Thatcher allowed more people to participate in the wealth of the nation through property ownership and shares
Privatisation solved the problem of capital shortage that nationalised industries faced, writes John Redwood
“Everyone an owner” was the central slogan I put to Margaret Thatcher when I became her principal policy adviser. She liked the idea. I worked up ways to promote home ownership, small business ownership, share participation in larger companies, employee share schemes, popular shareholdings from nationalised industry sales, more identification of an individual with their pension or insurance savings, portable pension plans and strengthened shareholder democracy. It was an exciting time.
We wanted many more people to have a stake in the country, to own their own piece of land, their own home, a share in larger enterprises or their own business.
While the socialists worried about the concentration of ownership and wealth with a view to taxing the few that did enjoy the benefits of ownership, we wanted to do something positive to empower the millions in the economic life of the country and to spread wealth much more widely.
I wrote about the revolution in my book, Popular Capitalism, and in pamphlets on promoting wider ownership. Each privatisation sale of a nationalised business contained special provisions for free and discounted shares for employees.
My favourite government asset sale was the National Freight Corporation. This nationalised road freight business was sold to its employees who immediately set about transforming it into a more modern, more profitable and successful logistics company.
As one of the lorry drivers explained to me when I interviewed him for a film about it, becoming a shareholder changed his approach. Where before if the lorry did not work in the morning the driver might give it a kick and decide he could not take it out, as a co-owner he helped coax the vehicle back into life so it could generate revenue again that day. The truck driver owners opted for professional management on the grounds they wanted their investment looked after by people who knew how to do it.
Later, I was able to help the miners of Tower Colliery in Wales buy out their pit which the National Coal Board said was no longer economic and wanted to close. The miners proved the Coal Board wrong and kept it going for many years afterwards successfully.
The movement needed lower taxes to make it cheaper to acquire assets and to hold and enjoy them. Income taxes were lowered generally, leading to a big overall boost in revenue, while savings were given special treatment to boost them further.
Council house sales were developed with bigger discounts to make them more affordable. Labour argued strongly against it on the bogus grounds that it reduced the supply of housing. We pointed out the same person lived in the home after sale as before, but the state had a capital receipt it could use to build another home. Soon we found Labour party members and councillors buying their own council home, undermining their party’s statement of principle against the idea.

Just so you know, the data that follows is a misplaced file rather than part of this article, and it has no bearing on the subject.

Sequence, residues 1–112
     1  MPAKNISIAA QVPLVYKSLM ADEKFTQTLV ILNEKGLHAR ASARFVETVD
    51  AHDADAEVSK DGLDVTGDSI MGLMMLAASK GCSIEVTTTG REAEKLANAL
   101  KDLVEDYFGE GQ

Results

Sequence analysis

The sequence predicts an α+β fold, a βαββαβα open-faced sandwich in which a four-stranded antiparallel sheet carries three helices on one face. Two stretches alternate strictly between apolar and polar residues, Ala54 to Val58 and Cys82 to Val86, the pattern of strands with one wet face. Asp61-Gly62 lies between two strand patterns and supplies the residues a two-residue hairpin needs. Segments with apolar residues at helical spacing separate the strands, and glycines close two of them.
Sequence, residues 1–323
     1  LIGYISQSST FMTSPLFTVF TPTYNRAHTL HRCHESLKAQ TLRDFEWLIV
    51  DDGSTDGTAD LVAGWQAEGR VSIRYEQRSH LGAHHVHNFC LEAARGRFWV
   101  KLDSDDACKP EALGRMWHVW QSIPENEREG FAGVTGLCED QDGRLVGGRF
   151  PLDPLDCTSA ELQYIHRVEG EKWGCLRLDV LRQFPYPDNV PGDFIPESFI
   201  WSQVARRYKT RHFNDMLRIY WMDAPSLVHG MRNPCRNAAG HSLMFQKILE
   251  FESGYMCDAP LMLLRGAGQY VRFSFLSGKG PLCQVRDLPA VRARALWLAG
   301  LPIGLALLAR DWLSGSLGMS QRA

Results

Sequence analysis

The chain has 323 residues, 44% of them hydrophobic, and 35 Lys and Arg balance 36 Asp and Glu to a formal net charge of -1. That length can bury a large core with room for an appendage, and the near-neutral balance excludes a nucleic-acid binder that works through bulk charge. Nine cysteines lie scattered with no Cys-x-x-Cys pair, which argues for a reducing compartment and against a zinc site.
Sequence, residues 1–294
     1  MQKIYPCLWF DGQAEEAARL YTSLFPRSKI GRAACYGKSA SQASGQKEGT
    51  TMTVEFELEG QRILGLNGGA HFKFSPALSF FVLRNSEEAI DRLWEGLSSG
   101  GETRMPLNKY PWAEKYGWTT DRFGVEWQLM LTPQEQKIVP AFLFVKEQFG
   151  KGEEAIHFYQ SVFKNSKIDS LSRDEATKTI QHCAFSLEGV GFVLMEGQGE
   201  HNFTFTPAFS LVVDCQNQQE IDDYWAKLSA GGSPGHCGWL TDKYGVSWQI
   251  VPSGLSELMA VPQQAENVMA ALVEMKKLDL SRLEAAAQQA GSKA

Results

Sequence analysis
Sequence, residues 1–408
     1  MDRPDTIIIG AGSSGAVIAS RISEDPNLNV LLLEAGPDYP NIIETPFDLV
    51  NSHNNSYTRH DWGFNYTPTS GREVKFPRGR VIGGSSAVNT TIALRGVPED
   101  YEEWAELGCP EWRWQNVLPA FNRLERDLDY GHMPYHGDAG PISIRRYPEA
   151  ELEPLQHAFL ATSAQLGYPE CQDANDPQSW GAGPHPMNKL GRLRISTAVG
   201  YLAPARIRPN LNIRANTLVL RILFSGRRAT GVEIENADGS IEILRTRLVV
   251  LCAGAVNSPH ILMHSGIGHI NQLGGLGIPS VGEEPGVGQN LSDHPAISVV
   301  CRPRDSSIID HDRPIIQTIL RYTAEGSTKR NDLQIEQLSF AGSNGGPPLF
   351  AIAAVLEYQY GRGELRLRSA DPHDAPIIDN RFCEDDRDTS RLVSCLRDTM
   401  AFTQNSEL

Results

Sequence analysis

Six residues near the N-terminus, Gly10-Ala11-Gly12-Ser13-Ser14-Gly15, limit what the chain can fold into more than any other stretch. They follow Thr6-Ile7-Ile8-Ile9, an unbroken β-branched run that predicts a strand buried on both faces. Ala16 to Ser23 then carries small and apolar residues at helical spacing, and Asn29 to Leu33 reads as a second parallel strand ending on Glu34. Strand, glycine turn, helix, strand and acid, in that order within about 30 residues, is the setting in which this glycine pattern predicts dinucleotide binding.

Some unions wanted to oppose employee shareholdings in former nationalised industries, as they opposed privatisation. They found most of their members wanted to take up the free shares on offer to employees, and many wanted to buy discounted shares on top. Why wouldn’t you want to have a share in the profits of the business you worked for? How did the employee share schemes for former nationalised industry staff differ from the co-op approach to ownership which the Labour party supported?
We encountered opposition from unlikely quarters in business and the Conservative party. Harold Macmillan, a former Conservative prime minister, complained in a very patrician way that we were selling the family silver. I countered we were returning the silver to the family members.
Some in the nationalised industries did not like the way we introduced competition into unresponsive monopolies when we sold off telecoms or energy businesses. It was giving customers choice and allowing challengers to emerge to the traditional businesses we sold that added much of the economic gain and helped fuel the UK economy to better performance.
Privatisation solved the bedevilling problem of capital shortage that nationalised industries faced. All their investment counted as public spending and it often got cut to give priority to the NHS or schools. Once out in the market they could raise much larger sums based on the need and the prospective returns.
In the case of electricity generation, it allowed the change from fuel inefficient and dirty coal-driven power stations to much more thermally efficient and cleaner gas stations. It was the greenest policy any UK government has followed.
Our telephone system was modernised rapidly, once out of state hands. It moved from electro-mechanical old-fashioned equipment to electronic and digital. It moved from copper cable to fibre optics. It moved from only allowing a handful of phones and add-on equipment from the monopolist to a profusion of choice from worldwide suppliers. Out went rationing of phone capacity by delay in installing a line and line sharing through so-called party lines; in came modern levels of service and availability.
The mobile phone revolution became possible thanks to privatisation and the end of the monopoly. It would have been very difficult for the UK to build the amazing success in financial and business services which followed if we had continued with a monopoly phone supply with rationing and out-of-date equipment.
Popular capitalism created many more homeowners, share owners, business owners and employee shareholders. It transformed whole industries, from phones to electricity. It was part of Margaret Thatcher’s great success and enduring legacy.
John Redwood is Conservative MP for Wokingham
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